Three approaches in human capital measurement, output-based approach, coast-based approach, and income-based approach, are common among researchers and will be considered.
There is the output-based approach where school enrollment rates, accumulated years of schooling the ratio between skilled-adults and total adults the average years of schooling are considered to measure the stock of human capital.
Ilynskyi considered human capital as a combination of education, health, and culture. By culture he means the stereotypes of behaviour in the framework of traditions, general culture, and social interaction, while experience and professional skills are included in education (Petkova, 2020).
Seryabrakova, Volkova, and Volkova (2019) considered integral method of human capital evaluation, which includes demographic factor, labour and educational factor, research, and sociocultural factors.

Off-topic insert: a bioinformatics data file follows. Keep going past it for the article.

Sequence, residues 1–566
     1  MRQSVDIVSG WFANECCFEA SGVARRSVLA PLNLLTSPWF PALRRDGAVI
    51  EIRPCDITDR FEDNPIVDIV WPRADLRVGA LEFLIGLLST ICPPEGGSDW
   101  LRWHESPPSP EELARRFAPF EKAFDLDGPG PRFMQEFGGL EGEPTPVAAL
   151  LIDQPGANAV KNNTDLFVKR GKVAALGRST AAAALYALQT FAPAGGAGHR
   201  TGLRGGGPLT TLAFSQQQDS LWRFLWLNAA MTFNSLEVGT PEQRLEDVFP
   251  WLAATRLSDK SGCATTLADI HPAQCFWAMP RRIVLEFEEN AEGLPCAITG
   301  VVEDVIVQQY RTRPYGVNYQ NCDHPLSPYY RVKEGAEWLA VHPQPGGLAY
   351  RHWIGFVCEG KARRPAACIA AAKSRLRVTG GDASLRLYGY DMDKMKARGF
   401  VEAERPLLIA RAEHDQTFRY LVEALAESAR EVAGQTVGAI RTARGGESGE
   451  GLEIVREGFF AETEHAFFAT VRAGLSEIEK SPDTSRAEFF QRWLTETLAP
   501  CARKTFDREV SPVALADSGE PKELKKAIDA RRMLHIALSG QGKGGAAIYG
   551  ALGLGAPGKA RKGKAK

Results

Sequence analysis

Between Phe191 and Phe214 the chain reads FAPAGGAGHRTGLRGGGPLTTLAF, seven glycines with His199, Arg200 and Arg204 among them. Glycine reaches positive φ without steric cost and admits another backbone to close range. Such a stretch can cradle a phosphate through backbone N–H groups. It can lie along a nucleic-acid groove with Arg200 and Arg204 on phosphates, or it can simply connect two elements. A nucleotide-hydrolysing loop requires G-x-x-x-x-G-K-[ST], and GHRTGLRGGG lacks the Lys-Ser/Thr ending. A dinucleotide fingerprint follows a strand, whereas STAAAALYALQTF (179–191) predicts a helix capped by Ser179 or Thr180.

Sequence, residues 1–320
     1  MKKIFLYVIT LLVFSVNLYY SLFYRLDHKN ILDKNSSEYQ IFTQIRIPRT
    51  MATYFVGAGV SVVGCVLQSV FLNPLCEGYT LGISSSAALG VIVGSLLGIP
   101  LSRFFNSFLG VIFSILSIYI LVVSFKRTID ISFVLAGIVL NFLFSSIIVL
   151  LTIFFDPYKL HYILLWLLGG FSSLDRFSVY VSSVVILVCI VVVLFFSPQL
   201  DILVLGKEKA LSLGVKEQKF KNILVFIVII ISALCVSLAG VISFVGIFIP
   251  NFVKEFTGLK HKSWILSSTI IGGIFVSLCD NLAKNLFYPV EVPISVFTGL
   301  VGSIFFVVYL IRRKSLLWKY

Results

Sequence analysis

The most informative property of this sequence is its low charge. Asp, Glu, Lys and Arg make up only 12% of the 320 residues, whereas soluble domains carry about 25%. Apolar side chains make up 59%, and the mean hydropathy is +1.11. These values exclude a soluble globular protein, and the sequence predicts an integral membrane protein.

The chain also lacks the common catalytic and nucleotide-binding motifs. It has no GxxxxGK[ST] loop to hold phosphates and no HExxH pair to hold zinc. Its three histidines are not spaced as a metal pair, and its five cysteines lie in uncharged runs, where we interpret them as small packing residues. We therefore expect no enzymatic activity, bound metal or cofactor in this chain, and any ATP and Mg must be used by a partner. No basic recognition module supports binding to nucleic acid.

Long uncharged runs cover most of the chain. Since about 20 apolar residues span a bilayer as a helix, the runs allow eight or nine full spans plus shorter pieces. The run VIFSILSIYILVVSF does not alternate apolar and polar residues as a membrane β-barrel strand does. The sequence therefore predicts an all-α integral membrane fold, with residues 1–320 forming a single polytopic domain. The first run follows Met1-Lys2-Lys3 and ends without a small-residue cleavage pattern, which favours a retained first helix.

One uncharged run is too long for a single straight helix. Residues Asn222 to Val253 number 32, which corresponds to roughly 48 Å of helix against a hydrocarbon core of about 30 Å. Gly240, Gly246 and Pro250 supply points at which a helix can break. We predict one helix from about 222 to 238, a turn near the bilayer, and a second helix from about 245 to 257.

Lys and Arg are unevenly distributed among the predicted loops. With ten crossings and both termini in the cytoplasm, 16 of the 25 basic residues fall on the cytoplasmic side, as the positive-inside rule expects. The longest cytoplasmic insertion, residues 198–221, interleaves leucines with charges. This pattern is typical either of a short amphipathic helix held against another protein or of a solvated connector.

Baldissera and Cornali (2020) analyzed human capital in the regions of Italy comparing educational attainment, assessment of adult competencies, and literacy. They have determined that being young, well- educated and with a high professional position predicts a high level of proficiency. Also, geographical variance incompetence of human capital is possible due to the local education.
The cost-based approach is based on the calculation of human capital by invested costs for individuals’ human capital. So, the method based on all expenditures on human capital formation and accumulation, including, households and education. Depreciation and discounted income in the future are used to calculate the invested cost. Kendrick (1976), Eisner (1985, 1988, 1989) calculated human capital by twofold calculation of student expenses as time expenditure during study, tuition fee, education materials and government expenses as salaries and investment into universities and institutions.